There’s something wrong though. The first third is all a bit messy. Not sure what’s happening there, so well look at the time, and hm, there isn’t even a time notes. The x-axis is a count of samples, not a time series. I can’t tell if that first disorganised section is an hour or nine hours. I can’t tell if the first pot of coffee
Simple plot of raw, time-series data
Lets try with the raw data (output/datr20190926.csv):
Filter and remove out-of-range samples
Filtering out values that I _know_ are bad will help and is easy. See https://stackoverflow.com/questions/29594841/how-to-filter-out-values-by-values-in-pandas-dataframe.
from pandas import read_csv from matplotlib import pyplot column_names = ['datestamp', 'date', 'time', 'weight'] series = read_csv('../output/datr20190926.csv', names=column_names) series = series[(series['weight'] > -2000) & (series['weight'] < 10000 )] series.plot() pyplot.show()
Which filters out weights less than -2000g and more than 10000g. This is better because I can see the overall shape of the values and the positions in the overall body of samples (across the whole day). I can see that the cups
But there’s still a lot of noise that doesn’t hit those thresholds, and importantly, this approach simply throws away the samples that are outside the bounds. So that means there is a time gap at those points, and if enough of them happen (I can only see two here), then the time-series is discontinuous.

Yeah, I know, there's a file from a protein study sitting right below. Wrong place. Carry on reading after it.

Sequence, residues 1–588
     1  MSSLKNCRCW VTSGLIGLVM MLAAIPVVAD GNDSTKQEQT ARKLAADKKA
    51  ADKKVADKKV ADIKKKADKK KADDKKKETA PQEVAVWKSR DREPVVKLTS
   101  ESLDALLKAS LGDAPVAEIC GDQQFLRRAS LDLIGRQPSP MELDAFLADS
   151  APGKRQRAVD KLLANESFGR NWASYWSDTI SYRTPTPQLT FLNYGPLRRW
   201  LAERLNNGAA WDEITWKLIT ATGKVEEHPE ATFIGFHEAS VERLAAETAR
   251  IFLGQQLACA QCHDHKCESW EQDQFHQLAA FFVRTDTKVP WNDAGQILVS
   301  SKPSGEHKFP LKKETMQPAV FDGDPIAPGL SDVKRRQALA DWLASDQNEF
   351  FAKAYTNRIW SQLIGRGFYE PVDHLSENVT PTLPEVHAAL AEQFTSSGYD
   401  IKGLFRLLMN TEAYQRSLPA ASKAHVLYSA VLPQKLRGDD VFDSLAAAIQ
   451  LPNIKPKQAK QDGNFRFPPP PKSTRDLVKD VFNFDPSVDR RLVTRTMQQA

So I think the approach is not to filter out and discard bad values, it
Use a rolling() sample window to remove noise
There is a rolling_mean() function in pandas: https://www.programcreek.com/python/example/101378/pandas.rolling_mean.
https://stackoverflow.com/questions/43437657/rolling-mean-on-pandas-on-a-specific-column describes using pandas.rolling().mean() instead, which is closer. I assume there’s a .median() function too.
from pandas import read_csv from matplotlib import pyplot column_names = ['datestamp', 'date', 'time', 'weight'] series = read_csv('../output/datr20190926.csv', names=column_names) series['rolling'] = series['weight'].rolling(8).mean() series.plot() pyplot.show()
That’s a bit more like it. It proves that mean() isn’t the right one (mean averages are very affected by outliers). So now I need to figure out how to only plot
rolling rather than rolling and the raw weight. I think this is a
from pandas import read_csv from matplotlib import pyplot column_names = ['datestamp', 'date', 'time', 'weight'] series = read_csv('../output/datr20190926.csv', names=column_names) series['rolling'] = series['weight'].rolling(8).median() series.plot(x='time', y='rolling') # Rotate x ticks and tight_layout fits it all on the page pyplot.xticks(rotation='vertical') pyplot.tight_layout() pyplot.show()